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I also use KeePass2. It generates very strong passwords for me and I can safely store them in KeePass as well and I always have them in case someone forgets, and it is free to boot! The password length defaults to 20 but you can change that as well. In my experience 20 characters is just too much for most people, so I lower it to 8-10.You can also set up folders so you can keep your Production, QA, and Development environments separated. Nice! :-D

http://keepass.info/download.html

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Henry_Lee
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In my last position as DBA, I used PasswordSafe to generate / store complex passwords. In the "Notes" section I would also include who requested it, when, and what server / database / application it was for. Access to the safe was limited to about 5 folks total (myself and a few other trusted folks / system admins).

The username / password was then emailed to the requestor in a PGP encrypted email.
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Hmmm between Bill, Travis, and myself I'm sensing a trend :-) Keypass is indeed a wonderful thing.

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Giraffe DBA
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Where I work, we require that a SQL login be created by the DBAs. We require that the password be 10 characters long and have 2 symbols, 2 upper case, 2 lower case and 2 numbers. We then must hand deliver the password and username to the developers if they are in our building or drive it to them if they are nearby, when that fails by phone is acceptable. We also store our passwords in Password Safe.

All in all, this has worked well for us. Only problem is it leaves a physical copy of the password in the hands of the developer which may not be best.
Mad Myche
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My Scenario- mid sized managed hosting company, Sql Server used as datastore for CMS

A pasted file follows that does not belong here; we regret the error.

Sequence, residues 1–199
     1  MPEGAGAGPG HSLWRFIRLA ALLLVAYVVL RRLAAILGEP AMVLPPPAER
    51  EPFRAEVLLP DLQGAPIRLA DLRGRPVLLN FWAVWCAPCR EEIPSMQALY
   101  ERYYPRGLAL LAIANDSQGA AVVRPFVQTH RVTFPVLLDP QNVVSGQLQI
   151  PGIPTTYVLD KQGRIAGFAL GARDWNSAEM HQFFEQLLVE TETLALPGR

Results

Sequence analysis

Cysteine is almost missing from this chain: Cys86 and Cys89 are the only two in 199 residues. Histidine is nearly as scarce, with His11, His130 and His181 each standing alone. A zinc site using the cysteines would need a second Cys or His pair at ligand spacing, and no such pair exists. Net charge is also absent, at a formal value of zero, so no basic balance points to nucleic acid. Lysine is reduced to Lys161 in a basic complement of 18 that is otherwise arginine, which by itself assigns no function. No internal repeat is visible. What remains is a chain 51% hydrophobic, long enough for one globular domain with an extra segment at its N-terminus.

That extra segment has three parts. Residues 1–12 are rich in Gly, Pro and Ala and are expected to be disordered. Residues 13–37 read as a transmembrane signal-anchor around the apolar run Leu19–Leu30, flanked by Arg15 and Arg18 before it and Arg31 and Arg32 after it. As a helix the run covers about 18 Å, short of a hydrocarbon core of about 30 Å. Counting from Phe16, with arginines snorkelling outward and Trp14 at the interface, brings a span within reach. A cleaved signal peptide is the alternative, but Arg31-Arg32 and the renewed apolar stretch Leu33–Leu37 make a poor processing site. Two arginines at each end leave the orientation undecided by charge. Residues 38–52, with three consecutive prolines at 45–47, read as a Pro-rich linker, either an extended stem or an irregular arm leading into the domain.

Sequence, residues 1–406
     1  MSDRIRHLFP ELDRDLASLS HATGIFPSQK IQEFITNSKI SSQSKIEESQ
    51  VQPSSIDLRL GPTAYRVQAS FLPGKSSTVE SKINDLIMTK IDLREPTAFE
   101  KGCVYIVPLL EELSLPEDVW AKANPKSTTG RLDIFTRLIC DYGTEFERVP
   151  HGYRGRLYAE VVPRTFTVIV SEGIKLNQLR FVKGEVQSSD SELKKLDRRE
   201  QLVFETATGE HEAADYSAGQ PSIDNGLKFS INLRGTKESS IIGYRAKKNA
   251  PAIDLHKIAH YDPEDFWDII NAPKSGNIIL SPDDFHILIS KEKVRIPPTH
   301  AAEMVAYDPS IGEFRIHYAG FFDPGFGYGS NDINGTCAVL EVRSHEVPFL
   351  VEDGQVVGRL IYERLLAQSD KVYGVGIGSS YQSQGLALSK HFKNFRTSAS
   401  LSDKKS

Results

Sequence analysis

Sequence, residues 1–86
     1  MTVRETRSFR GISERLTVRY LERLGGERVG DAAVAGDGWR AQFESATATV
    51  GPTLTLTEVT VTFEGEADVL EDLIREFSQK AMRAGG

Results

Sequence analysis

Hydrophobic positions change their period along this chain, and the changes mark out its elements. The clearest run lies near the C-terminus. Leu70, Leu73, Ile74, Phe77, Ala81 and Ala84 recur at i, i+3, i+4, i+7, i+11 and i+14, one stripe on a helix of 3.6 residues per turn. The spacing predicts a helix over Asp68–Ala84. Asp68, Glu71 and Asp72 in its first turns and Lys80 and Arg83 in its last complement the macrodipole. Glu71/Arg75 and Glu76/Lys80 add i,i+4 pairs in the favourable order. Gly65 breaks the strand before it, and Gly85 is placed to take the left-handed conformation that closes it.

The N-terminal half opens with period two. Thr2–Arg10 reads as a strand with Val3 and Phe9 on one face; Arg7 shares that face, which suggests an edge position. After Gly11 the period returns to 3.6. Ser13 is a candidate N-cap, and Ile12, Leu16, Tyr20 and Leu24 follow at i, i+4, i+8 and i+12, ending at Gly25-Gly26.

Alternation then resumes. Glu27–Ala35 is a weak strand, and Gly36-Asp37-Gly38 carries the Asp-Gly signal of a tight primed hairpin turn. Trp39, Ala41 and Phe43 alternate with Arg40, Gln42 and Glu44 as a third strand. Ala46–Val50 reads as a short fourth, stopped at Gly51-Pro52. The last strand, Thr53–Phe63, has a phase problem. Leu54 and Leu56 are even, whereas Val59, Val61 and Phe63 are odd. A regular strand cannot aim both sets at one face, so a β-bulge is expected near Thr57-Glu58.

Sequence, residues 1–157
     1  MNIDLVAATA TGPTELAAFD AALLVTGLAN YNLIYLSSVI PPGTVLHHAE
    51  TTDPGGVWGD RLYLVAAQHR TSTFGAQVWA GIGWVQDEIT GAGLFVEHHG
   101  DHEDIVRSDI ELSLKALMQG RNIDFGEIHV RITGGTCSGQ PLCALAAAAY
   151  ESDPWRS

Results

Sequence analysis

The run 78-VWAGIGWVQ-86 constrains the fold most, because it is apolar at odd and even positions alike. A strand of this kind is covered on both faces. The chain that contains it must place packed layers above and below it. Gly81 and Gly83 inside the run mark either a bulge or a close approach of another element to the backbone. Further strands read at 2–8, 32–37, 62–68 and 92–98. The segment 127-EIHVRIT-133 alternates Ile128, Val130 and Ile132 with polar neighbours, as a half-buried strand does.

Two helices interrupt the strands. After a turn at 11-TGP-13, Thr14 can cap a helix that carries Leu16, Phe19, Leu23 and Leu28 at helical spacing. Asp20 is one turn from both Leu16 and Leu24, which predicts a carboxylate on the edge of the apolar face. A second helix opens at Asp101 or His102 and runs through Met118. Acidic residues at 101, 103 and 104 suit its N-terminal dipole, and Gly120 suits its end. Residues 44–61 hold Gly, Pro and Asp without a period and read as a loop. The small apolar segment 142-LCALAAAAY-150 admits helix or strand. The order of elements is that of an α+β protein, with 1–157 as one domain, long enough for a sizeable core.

When DB websites are created, they are done via a web interface by a WebDBA (generally myself).
The passwords used are random 12 character minimum.
The Sql Server is not accessible via the internet
I email a link to the developer needing the site where they can retrieve connection string. The webpage containing this uses Windows AD for authentication, and it too is not visible on the internet.

Director of Transmogrification Services
Steve Jones
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baxterr (5/18/2012)
Generally, I do my best to never let a SQL login have any sort of elevated privs on a database let alone the server. We still have one program (Microsoft Dynamics GP, can I get a security nightmare amen anyone?) that require administrators to use [sa] for some tasks. This absolutely kills me, but it is what it is.


I dealt with GP years ago. Through some SQL traces and calls with GP support, we determined that the app needs sa for new logins and potentially new databases. However if those are setup by a DBA, the app picks them up. We removed sysadmin from the app logins and they would call us when they needed a new login added.